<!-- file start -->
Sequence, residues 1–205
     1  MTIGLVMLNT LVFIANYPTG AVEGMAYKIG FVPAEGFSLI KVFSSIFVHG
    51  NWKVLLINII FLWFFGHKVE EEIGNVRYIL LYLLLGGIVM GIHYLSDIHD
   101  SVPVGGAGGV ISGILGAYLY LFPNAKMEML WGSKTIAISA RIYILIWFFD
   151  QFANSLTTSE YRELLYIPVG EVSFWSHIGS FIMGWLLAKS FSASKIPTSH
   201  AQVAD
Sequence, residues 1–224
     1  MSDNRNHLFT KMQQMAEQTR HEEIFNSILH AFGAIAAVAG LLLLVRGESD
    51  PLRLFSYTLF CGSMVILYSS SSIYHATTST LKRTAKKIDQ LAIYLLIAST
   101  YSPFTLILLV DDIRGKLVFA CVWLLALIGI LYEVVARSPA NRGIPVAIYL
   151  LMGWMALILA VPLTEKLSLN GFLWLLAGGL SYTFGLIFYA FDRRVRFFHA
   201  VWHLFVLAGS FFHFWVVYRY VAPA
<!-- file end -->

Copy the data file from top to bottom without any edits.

Sequence, residues 1–205
     1  MTIGLVMLNT LVFIANYPTG AVEGMAYKIG FVPAEGFSLI KVFSSIFVHG
    51  NWKVLLINII FLWFFGHKVE EEIGNVRYIL LYLLLGGIVM GIHYLSDIHD
   101  SVPVGGAGGV ISGILGAYLY LFPNAKMEML WGSKTIAISA RIYILIWFFD
   151  QFANSLTTSE YRELLYIPVG EVSFWSHIGS FIMGWLLAKS FSASKIPTSH
   201  AQVAD
Sequence, residues 1–224
     1  MSDNRNHLFT KMQQMAEQTR HEEIFNSILH AFGAIAAVAG LLLLVRGESD
    51  PLRLFSYTLF CGSMVILYSS SSIYHATTST LKRTAKKIDQ LAIYLLIAST
   101  YSPFTLILLV DDIRGKLVFA CVWLLALIGI LYEVVARSPA NRGIPVAIYL
   151  LMGWMALILA VPLTEKLSLN GFLWLLAGGL SYTFGLIFYA FDRRVRFFHA
   201  VWHLFVLAGS FFHFWVVYRY VAPA